In Tintorettohs awesome "Crucifixion," a puppy waits patiently while his master digs a hole for one of the thieves' crosses. Above them, stared at by the multitude, Christ dies.

In "Madame Butterfly," as Cho-Cho-San's heart breaks, we hear far away and unrelatedly the sailors singing chanties in Nagasaki harbor. Whatever the artistic importance of the work, it is this mastery of byplay that often points up the difference between mere craftsman and artist. For the seemingly incidental in art is what helps make it so lifelike.

The best spy thriller writers have always understood this, knowing as they do the burdens of competition and plausibility they must overcome. In his new novel, "XPD" -- for Expedient Demise, as in instant death -- Len Deighton, for example, presents us with the grisly scene of two men on a bed, their heads and hands severed to prevent identification. A lesser writer would have hyped it by putting "Danse Macabre" or "O terra addio . . ." on the bedside radio. Deighton makes it Albeniz's guitar music.

Again, at a crucial meeting of British leaders, the prime minister's representative, when he learns that the world is in danger of falling apart, blurts out miserably: "It would mean the end of the Tory Party. That's what I can't bear thinking about."

How like the real-life words of one of our prominent congressmen when he was told by a reporter he had been discovered trying to bribe a reluctant ghetto boy into homosexual acts. The legislator's first thoughts were not of his family or even the possible felony charge. "My God," he exclaimed in anguish. "I'll never make it to the Senate!"

By definition, a spy thriller must thrill. We do not seek in Deighton or John Le Carre or Helen MacInnes the austere world of Dreiser or Joyce Carol Oates. We do not even want the real world of spying.

For there one finds dull CIA agents unable to spell the names of the art galleries or squares into which they gumshoe their quarries. (In a CIA report we obtained, the agent proudly tells of tracking his man into "Fargut" square at 17th and K.)

No, to meet the market, espionage thrillers are almost by nature improbable.

They amaze us with the deaths of kings, the heist of hydrogen bombs, with coups and genocides -- momentous chronicles in constant volcanic eruption.

In "SS-GB," Deighton's immediately previous novel, for instance, the Nazis have won World War II and occupy Britain. A single honest cop holds the fate of Hitler's empire in his hands. The premise of "XPD" is surrealistic. In the last days of World War II, a dirty dozen of American soldiers steal the Nazis' gold hoard and top secret documents from a mine. At the time of the novel's main action, 34 years later, we learn the documents disclose a Gordian Hitler-Churchill agreement which will destabilize the entire world.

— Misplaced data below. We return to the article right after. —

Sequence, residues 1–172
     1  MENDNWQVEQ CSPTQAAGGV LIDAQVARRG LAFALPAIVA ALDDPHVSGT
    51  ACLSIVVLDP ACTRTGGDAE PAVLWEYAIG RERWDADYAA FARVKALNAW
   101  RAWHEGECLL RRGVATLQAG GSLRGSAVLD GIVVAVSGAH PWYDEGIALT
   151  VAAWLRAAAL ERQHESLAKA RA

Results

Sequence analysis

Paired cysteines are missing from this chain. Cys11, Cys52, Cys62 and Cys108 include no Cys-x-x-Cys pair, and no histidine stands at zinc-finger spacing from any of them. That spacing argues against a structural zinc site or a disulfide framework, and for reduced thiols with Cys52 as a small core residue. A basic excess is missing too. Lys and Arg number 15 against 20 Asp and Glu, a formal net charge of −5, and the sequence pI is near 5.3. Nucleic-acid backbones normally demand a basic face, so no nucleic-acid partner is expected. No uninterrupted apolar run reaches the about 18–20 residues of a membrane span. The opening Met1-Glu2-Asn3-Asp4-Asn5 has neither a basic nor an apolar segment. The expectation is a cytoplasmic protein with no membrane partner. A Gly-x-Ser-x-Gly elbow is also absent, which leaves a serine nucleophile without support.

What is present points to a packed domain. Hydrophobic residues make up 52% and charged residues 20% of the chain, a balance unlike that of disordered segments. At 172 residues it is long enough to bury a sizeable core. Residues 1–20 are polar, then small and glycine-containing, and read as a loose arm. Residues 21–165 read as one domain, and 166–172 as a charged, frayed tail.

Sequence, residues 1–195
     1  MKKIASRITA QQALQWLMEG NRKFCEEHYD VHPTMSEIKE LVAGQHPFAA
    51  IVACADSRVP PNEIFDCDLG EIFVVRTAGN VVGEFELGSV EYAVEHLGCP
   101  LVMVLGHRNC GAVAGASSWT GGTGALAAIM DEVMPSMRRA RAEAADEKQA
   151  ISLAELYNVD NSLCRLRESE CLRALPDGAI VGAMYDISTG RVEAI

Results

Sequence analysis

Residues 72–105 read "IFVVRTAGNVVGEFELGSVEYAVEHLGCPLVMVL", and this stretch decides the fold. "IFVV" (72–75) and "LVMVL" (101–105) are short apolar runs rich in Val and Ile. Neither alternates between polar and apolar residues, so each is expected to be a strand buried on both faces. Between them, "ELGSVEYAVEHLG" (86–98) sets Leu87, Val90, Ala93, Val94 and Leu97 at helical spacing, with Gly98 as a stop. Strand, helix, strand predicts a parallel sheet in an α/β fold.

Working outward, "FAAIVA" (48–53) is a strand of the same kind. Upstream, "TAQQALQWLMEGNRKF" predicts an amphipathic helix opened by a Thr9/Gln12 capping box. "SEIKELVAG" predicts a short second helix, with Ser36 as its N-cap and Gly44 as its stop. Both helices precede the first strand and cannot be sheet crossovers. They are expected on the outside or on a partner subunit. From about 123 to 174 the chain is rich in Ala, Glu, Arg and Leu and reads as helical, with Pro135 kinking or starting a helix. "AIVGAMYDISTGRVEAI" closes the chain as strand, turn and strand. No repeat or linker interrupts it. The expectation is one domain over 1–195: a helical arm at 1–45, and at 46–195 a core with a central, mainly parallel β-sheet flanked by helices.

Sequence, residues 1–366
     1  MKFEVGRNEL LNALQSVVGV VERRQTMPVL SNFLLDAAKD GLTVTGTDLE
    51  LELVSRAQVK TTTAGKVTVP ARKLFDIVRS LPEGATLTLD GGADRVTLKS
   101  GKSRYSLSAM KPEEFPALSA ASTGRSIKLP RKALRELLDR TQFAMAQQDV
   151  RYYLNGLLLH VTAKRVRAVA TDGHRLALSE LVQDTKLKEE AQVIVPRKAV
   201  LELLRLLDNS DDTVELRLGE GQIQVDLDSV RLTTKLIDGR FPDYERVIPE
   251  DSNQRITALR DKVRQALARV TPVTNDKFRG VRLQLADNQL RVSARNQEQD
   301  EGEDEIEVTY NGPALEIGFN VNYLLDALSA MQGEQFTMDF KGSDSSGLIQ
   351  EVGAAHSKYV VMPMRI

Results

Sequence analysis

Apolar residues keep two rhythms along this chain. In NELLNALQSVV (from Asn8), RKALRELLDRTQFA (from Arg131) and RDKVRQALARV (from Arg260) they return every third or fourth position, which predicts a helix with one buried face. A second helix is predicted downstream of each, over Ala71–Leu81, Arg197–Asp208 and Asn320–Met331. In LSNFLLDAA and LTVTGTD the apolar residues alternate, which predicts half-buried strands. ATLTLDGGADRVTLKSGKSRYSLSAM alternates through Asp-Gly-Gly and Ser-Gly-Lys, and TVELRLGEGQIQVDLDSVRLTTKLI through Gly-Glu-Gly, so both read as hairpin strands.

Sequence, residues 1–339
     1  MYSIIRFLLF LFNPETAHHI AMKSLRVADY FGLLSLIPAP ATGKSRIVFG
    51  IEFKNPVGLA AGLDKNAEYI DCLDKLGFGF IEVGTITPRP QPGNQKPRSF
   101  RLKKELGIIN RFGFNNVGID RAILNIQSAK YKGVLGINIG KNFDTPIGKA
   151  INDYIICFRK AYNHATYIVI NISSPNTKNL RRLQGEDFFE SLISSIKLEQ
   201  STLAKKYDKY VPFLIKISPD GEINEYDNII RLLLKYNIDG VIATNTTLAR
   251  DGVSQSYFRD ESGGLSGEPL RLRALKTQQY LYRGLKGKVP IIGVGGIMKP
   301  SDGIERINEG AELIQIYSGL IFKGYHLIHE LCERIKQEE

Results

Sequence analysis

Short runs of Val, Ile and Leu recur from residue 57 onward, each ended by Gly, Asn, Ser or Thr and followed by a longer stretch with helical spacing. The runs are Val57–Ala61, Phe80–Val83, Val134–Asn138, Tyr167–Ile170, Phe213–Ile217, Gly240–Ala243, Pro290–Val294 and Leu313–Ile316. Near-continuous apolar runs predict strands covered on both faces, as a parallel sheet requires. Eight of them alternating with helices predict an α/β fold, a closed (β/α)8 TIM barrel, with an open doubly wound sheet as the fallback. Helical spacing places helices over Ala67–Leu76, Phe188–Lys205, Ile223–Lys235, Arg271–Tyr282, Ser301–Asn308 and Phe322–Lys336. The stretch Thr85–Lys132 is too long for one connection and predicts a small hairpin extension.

For openers, one must point out that Deighton does not do this story to perfection. He annoys us by having one character tell another things that person already knows. By putting this explicative material in quotes, the page looks snappier. But a paraphrase would have shown more respect for the reader.

And surely, the American edition's 65,000-copy first printing could have been edited to remove such Anglicisms as "post" for "mail" when the action is in the United States and "Scotland Yard are looking . . ." when the speakers are Americans. (Does a finicky Washingtonian dare also question Deighton's designation of the Hay-Adams' restaurant as one of our "best"? Good, yes, but . . . And why is the District line called a "state line" when we can't even get the vote for Walter Fauntroy?)

These quibbles aside, we know from the first paragraph that we are comfortably in the hands of a thriller king. The terse scene-setting in Los Angeles, Geneva, Washington, London, Moscow, Denmark feel and smell of these locales.

The research on exotic guns, cars, poisons, trains, wall safes, foliage is shining and satisfying evidence of the hard work Deighton has done to make his background genuine and informative.

Above all, there are the little touches, the quick breaths that inspire this excellent book with its special life. Deighton so easily might have plunged the British spymaster into his most perilous case without a pause. Instead, the supersleuth stops a moment to consider whether to water his potted cactus. His KGB opposite, before deep-sixing a factotum, muses that he never really liked the man anyway because he wears elevator shoes.

Even on the book's final page, Deighton does not rush to denouement. The hero prepares dispassionately to murder the villain in a motel near Mount Vernon. He ponders whether, if he does the job well, he can get away with flying back to London on the Con corde rather than the prescribed tourist class.

Such grace notes are not unique, of course, to the spy novel. W. H. Auden points to the brillance of Brueghel whose Icarus falls from heaven as a farmer plows on, uncaring that a timeless myth is being born. Deighton, I am sure, would not rank himself among the Brueghels of art. Espionage writers, even the Eric Amblers, are somewhere between calligraphers and flower arrangers in the overall field of art. But there's a lot to be said for a man who can do flower arrangements around the mouth of an erupting volcano.